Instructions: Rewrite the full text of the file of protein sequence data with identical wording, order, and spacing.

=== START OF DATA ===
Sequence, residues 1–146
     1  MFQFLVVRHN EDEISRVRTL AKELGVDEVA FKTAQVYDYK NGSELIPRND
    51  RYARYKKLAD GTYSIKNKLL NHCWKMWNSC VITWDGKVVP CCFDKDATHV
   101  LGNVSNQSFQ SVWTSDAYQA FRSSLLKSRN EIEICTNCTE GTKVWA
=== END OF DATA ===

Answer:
Sequence, residues 1–146
     1  MFQFLVVRHN EDEISRVRTL AKELGVDEVA FKTAQVYDYK NGSELIPRND
    51  RYARYKKLAD GTYSIKNKLL NHCWKMWNSC VITWDGKVVP CCFDKDATHV
   101  LGNVSNQSFQ SVWTSDAYQA FRSSLLKSRN EIEICTNCTE GTKVWA